The La Guayra was in port, lying well out: her mountainous iron mass rising high above the modest sailing craft moored in her vicinity,-barks and brigantines and brigs and schooners and barkentines. She had lain before the town the whole afternoon, surrounded by the entire squadron of 'ti canots; and the boys were still circling about her flanks, although she had got up steam and was lifting her anchor. They had been very lucky, indeed, that afternoon,-all the little canotiers;-and even many yellow lads, not fortunate enough to own canoes, had swum out to her in hope of sharing the silver shower falling from her saloon-deck. Some of these, tired out, were resting themselves by sitting on the slanting cables of neighboring ships. Perched naked thus,-balancing in the sun, against the blue of sky or water, their slender bodies took such orange from the mellowing light as to seem made of some self-luminous substance,-flesh of sea-fairies....

Suddenly the La Guayra opened her steam-throat and uttered such a moo that all the mornes cried out for at least a minute after;-and the little fellows perched on the cables of the sailing craft tumbled into the sea at the sound and struck out for shore. Then the water all at once burst backward in immense frothing swirls from beneath the stern of the steamer; and there arose such a heaving as made all the little canoes dance. The La Guayra was moving. She moved slowly at first, making a great fuss as she turned round: then she began to settle down to her journey very majestically,-just making the water pitch a little behind her, as the hem of a woman's robe tosses lightly at her heels while she walks.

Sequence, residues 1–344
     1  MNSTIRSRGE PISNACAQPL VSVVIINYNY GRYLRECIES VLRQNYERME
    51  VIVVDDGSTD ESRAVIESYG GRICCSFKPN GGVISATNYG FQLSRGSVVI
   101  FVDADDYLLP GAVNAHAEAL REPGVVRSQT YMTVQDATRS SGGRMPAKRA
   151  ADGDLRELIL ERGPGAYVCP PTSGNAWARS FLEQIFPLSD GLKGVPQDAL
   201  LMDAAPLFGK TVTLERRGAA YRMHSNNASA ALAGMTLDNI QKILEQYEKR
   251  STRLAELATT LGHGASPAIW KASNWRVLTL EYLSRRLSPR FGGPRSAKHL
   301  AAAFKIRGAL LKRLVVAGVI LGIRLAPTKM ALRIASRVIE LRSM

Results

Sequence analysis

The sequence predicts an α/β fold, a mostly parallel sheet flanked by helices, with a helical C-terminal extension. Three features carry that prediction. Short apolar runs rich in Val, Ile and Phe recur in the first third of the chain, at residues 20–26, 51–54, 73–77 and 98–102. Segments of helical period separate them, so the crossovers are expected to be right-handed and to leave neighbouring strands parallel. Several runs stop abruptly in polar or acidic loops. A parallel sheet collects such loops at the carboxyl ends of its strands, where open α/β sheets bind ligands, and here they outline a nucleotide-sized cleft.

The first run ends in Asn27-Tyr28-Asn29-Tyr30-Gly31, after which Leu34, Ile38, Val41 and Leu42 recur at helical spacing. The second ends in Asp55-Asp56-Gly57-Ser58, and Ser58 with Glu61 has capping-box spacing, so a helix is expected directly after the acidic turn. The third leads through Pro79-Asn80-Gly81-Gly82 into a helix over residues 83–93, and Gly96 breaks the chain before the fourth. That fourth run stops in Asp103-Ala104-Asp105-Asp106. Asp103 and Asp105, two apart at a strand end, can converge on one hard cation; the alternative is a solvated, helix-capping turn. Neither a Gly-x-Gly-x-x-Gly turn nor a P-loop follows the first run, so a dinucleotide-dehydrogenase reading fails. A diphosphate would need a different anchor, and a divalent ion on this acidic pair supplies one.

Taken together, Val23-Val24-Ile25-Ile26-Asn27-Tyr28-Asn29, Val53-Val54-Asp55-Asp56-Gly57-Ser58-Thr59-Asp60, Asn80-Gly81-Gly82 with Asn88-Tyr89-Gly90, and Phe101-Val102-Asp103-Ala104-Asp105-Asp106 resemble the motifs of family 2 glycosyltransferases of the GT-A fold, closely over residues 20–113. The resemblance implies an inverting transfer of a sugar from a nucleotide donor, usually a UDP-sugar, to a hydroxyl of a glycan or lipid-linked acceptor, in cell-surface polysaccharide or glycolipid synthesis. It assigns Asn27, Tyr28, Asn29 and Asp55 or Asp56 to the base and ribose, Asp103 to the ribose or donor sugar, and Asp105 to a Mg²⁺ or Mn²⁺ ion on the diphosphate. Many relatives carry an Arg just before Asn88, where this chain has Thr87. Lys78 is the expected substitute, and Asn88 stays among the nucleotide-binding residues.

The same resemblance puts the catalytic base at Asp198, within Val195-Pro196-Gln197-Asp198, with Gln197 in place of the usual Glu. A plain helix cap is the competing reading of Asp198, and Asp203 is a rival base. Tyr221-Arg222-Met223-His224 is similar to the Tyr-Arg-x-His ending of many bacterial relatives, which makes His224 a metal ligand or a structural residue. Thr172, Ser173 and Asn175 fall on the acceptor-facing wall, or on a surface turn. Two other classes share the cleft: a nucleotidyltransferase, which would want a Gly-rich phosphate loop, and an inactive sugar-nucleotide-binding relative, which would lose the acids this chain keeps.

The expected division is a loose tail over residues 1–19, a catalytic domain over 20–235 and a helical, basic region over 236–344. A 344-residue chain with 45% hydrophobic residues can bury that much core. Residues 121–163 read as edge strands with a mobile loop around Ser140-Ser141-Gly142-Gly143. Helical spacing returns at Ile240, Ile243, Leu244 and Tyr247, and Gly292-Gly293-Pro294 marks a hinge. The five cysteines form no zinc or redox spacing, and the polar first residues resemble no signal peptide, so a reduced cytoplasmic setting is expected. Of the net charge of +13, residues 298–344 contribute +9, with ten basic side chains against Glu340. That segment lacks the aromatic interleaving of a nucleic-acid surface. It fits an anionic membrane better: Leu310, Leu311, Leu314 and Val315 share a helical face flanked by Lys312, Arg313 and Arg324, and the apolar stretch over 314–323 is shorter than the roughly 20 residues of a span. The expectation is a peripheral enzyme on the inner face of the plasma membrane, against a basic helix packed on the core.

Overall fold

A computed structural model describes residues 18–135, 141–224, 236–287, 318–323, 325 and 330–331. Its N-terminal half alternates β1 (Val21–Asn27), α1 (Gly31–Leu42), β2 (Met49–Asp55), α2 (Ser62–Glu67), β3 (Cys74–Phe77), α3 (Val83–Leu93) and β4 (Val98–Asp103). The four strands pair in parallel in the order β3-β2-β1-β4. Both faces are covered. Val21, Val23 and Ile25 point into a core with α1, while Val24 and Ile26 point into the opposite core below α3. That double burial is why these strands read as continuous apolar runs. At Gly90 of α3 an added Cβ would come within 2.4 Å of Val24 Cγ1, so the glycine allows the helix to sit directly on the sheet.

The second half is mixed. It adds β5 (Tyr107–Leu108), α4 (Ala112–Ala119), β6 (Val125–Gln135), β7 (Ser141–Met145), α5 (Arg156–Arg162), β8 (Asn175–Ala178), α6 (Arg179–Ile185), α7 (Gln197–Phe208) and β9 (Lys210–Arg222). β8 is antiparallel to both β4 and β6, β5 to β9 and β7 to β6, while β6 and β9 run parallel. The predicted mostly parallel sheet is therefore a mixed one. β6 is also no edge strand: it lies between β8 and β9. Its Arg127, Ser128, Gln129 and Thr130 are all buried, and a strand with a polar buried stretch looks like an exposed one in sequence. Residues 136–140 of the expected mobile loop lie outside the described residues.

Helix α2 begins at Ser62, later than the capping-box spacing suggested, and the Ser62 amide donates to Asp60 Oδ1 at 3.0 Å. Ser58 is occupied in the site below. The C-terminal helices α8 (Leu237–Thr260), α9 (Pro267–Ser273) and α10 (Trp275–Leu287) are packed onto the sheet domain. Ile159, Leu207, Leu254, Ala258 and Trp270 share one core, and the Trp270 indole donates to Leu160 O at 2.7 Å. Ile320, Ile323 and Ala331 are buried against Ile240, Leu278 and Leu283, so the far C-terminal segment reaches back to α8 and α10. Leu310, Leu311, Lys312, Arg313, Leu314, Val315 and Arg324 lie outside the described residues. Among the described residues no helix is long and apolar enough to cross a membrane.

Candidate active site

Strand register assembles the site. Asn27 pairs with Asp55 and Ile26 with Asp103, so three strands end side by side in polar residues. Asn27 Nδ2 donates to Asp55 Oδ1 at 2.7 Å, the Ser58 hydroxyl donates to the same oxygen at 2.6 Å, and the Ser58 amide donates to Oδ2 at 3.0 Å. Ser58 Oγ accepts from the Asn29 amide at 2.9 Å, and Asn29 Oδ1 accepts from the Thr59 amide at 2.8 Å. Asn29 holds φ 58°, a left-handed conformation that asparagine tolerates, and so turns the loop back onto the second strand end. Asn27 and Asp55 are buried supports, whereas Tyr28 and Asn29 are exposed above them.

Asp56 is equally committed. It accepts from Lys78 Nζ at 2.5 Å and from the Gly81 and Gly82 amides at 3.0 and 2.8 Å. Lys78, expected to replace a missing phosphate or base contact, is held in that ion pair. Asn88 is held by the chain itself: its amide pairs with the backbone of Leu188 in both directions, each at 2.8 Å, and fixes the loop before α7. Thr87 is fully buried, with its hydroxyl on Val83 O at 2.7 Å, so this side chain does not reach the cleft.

And, contrary to custom, some of the canoes followed after her. A dark handsome man, wearing an immense Panama hat, and jewelled rin

gs upon his hands, was still throwing money; and still the boys dived for it. But only one of each crew now plunged; for, though the La Guayra was yet moving slowly, it was a severe strain to follow her, and there was no time to be lost.

The captain of the little band-black Maximilien, ten years old, and his comrade Stéphane-nicknamed Ti Chabin, because of his bright hair,-a slim little yellow boy of eleven-led the pursuit, crying always, "Encò, Missié,-encò!"...

The La Guayra had gained fully two hundred yards when the handsome passenger made his final largess,-proving himself quite an expert in flinging coin. The piece fell far short of the boys, but near enough to distinctly betray a yellow shimmer as it twirled to the water. That was gold!